Part of Melbourne‘s fervent, dark-tinged, alternative underground music scene, Australian bass and drums post-punk experimentalists, Winternationale, made up of Guy Harris (bass, vocals) and Maya Ruin (drums), have just released the first of the two videos to accompany their recent 7″ vinyl single “Over your cities” put out by the independent imprint Almanac Recordings.
“Over your cities” is now one of the few guitar based songs left in Winternationale‘s current set with the band gravitating to the bass more in recent times. When it’s played live it’s loud and wild and chaotic.
In the mastering process it was suggested that the track was tamed a little but what was decided upon in the end was the slightly more chaotic mix because it seemed to offer a more authentic representation of the song as the duo have always felt it should be played live. Despite the fact that its just guitar and drums, this minimalist approach doesn’t seem to detract from the track’s sense of urgency with the drive and cadence of Mish Colla‘s tribal drumming serving to push the chaotic guitars ever forward.
Lyrically, Harris looks toward the near future and conflates providence with personal concerns. He sings for ghosts past, present and future in ”Over your cities” with vocals pushed to the point of breaking as the song pummels towards it’s conclusion and the bitterment of its closing salvo where Harris directly asks the listener “How does your garden grow?”.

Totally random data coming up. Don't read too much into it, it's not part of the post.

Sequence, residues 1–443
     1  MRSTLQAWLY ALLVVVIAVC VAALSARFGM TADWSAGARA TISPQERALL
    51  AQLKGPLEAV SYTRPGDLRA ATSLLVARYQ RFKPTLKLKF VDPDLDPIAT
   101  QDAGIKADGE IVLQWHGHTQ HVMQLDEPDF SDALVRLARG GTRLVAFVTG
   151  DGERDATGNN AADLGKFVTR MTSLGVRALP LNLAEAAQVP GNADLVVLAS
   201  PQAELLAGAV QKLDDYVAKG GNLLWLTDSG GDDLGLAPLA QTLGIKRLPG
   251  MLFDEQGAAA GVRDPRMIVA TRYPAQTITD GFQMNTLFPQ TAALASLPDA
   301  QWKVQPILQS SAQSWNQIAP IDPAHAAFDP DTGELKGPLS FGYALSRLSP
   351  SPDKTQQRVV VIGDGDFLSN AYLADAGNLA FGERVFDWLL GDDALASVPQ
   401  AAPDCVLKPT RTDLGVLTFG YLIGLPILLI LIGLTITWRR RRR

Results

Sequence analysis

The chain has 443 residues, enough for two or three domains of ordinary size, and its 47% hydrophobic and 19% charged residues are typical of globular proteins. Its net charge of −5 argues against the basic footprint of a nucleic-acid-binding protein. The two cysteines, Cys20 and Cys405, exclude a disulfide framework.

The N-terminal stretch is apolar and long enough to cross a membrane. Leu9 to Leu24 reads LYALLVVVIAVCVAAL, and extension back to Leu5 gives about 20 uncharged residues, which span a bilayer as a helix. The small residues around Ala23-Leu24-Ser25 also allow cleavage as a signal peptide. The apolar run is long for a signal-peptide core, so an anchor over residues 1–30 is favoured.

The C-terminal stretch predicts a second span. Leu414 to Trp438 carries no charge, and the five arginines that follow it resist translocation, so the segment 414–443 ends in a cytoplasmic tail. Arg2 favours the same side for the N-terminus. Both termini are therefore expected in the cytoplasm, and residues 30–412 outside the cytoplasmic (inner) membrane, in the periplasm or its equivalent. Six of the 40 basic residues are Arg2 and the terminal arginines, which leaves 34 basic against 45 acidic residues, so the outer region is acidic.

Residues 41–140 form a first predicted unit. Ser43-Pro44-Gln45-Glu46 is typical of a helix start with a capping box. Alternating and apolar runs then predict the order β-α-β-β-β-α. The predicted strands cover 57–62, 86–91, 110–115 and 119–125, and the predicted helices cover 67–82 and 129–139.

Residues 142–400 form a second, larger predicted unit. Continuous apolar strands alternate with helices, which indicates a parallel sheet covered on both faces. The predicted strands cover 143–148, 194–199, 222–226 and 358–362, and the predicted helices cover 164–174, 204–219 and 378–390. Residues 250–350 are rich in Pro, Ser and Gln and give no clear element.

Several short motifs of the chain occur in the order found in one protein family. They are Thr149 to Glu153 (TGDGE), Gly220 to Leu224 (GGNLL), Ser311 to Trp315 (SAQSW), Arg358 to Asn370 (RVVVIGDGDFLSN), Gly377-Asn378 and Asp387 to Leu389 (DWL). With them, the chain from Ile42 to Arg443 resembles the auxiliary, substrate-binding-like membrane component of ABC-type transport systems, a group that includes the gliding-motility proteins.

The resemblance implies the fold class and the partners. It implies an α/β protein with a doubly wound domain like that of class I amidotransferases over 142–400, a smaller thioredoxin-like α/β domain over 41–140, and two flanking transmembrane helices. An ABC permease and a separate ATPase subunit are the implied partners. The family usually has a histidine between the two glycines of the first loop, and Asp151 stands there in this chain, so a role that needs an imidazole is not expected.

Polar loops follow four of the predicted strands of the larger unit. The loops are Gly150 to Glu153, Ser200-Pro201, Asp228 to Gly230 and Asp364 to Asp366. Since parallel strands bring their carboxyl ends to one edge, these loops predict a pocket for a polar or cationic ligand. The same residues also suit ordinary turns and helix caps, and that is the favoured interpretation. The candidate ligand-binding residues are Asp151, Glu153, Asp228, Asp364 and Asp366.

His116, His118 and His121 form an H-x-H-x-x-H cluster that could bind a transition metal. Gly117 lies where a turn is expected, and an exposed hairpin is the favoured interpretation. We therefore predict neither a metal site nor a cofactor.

Filmed by guitarist & vocalist Guy Harris on a recent trip to Ireland, the clip features Dublin‘s Natural History Museum (known by locals as ‘The Dead Zoo’) and hints at the “vanitas” artistic tradition to expand on a number of gothic literary themes expressed in the track “Over your cities”.
An arresting clip shot in black and white featuring Victorian era taxidermy, the track and accompanying video offer a timely meditation on modernity for contemporary times increasingly overshadowed by the spectre of the anthropocene.
Accompanying the release of the video, Winternationale have also published an essay which can be read in full on the band’s website.
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